This is the first in a series of meetings that will unravel everything she knows. In the following weeks, the sassy barista from Missoula, Montana, will learn she is not an orphan, as she’d been taught to believe, and that her life story has been a deception, right down to the circumstances of her birth. A menace arises from her family’s past that could threaten everything she holds dear, including her own life.

Two groups help untangle the mystery: her human friends—life skills coach Iris Pallaton, computer geek and gamer extraordinaire Lane Donatelli, and “Crispy” Mendell, an agoraphobic abuse survivor—and her new-found elf companions, Daven Talvi and Astan Hawk. Can she learn about her true roots and absorb the implications of her new life in time to save her friends, her family,  and herself?

What’s next on the writing horizon for you?

In addition to the Clan Elves of the Bitterroot series, I have received and accepted three other novel contracts this fall for these stories: Second Chances, a romantic women’s fiction book about a Pittsburgh lawyer hit by the recession, who finds herself out of a job and alone and is encouraged back to success by a Iraq war vet with cancer, twenty years younger than she is (Zumaya Publishing, 2012); a vampire crime thriller titled Love Me, Touch Me, Kill Me (Renaissance EBooks, 2011); and most recently, Deliverance, a romantic suspense story of a woman who runs a brothel in southern New Mexico and the Doctor without Borders who escapes from a vengeful Mexican drug cartel by hiding in her place (Wild Rose Press, 2011).  So I’m finishing up the final draft of The Elf Child now, then I expect I’ll jump into the editing processes for these other books soon after.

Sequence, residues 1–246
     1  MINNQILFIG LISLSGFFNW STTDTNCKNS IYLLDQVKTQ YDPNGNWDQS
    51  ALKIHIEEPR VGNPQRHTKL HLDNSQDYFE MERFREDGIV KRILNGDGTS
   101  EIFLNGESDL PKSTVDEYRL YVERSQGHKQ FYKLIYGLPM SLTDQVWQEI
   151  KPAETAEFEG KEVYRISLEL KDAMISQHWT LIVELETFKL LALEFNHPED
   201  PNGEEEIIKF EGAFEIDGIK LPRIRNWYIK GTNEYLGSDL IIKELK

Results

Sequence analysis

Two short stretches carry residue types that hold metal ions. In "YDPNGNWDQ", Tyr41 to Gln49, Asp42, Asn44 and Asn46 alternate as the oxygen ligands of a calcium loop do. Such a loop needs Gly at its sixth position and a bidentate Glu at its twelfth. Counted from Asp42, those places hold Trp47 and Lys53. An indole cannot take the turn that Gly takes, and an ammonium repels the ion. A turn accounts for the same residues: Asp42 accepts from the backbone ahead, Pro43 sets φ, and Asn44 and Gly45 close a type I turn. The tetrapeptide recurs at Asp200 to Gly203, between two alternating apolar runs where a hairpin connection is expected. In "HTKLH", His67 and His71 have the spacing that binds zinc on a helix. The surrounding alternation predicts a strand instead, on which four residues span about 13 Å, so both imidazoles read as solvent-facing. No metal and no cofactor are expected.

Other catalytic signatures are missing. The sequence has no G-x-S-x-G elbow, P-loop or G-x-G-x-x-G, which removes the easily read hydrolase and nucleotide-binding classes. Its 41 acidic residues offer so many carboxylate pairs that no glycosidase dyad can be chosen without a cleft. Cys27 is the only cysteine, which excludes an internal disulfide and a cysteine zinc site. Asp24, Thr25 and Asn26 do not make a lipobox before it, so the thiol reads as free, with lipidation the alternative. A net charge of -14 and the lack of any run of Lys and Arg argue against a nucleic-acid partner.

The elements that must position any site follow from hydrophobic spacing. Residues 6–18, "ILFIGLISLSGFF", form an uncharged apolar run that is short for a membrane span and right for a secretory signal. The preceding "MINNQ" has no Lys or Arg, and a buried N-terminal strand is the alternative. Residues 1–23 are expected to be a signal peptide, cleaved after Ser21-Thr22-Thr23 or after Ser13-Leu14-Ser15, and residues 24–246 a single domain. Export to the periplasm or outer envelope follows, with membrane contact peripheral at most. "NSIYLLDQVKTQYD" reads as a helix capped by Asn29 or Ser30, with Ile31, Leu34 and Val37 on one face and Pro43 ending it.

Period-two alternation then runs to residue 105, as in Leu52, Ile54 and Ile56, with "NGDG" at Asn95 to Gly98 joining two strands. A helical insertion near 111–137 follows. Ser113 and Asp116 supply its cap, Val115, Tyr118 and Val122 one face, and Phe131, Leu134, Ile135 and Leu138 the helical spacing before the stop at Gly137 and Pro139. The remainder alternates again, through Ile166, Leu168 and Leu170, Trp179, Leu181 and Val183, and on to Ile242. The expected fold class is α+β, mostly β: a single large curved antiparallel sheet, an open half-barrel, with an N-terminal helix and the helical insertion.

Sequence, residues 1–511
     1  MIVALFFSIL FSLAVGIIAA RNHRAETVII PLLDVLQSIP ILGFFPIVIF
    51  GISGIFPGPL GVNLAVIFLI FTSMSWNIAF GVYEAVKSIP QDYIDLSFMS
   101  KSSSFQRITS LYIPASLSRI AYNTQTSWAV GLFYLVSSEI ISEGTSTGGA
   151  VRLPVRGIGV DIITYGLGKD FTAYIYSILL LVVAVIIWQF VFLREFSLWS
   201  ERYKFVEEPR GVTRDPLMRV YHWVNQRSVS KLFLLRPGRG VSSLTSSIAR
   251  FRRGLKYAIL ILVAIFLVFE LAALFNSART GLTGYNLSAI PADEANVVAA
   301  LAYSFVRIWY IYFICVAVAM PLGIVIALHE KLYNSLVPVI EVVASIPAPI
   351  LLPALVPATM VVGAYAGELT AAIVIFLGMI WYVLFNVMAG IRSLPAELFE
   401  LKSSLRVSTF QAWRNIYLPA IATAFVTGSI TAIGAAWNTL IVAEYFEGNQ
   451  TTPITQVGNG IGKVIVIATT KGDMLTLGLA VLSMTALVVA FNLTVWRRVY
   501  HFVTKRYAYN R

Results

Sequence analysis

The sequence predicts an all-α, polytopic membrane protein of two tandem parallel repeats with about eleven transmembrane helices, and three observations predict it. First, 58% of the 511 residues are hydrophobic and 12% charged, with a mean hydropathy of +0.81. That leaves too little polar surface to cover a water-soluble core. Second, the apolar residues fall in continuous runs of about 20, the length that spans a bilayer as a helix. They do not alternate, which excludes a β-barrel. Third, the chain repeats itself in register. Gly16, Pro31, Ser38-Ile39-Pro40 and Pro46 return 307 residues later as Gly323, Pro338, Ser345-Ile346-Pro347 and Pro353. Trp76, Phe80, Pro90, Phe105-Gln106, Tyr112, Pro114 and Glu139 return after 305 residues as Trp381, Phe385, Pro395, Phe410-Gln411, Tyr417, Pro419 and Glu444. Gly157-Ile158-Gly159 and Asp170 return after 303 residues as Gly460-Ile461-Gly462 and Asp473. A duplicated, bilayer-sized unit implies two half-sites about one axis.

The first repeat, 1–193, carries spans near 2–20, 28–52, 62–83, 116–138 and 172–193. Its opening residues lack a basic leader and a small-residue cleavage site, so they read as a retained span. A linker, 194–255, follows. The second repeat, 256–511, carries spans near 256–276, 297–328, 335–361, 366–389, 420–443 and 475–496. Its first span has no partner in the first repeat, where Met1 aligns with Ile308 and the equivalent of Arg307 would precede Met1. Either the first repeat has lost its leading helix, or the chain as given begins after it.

Is there anything you want to tell readers?

I’m so pleased to be able to share these stories that have rattled around in my head until they leaked out through my fingertips with all of you. I hope you’ll come and visit the Clan Elves’ site at http://clanelvesofthebitterroot.com to catch up on all the latest reviews and happenings. I look forward to entertaining readers for many years to come.  Thank you so much for this opportunity, Liz!



Lyndi Alexander has been a published writer for over 35 years, including seven years as a reporter and editor at the South Dade News Leader in Homestead, Florida. Her list of publications includes the non-fiction book 101 Little Instructions for Surviving Your Divorce, (under the name Barbara Walton, Esq.) published by Impact Publishers in 1999; stories in A Cup of Comfort for Divorced Women, in December 2008, and A Cup of Comfort for Adoptive Parents, in June 2009. She regularly writes technology articles/television reviews at Firefox News (www.firefox.org/news), and blogs on a variety of subjects, including autism, science fiction and life at http://awalkabout.wordpress.com.  

The excerpt is here: http://www.dragonflypubs.com/excerpts/elfqueen.html
You are one amazing author, Lyndi. Come back soon!
Published in: on November 2, 2010 at 11:54 am  Comments (3)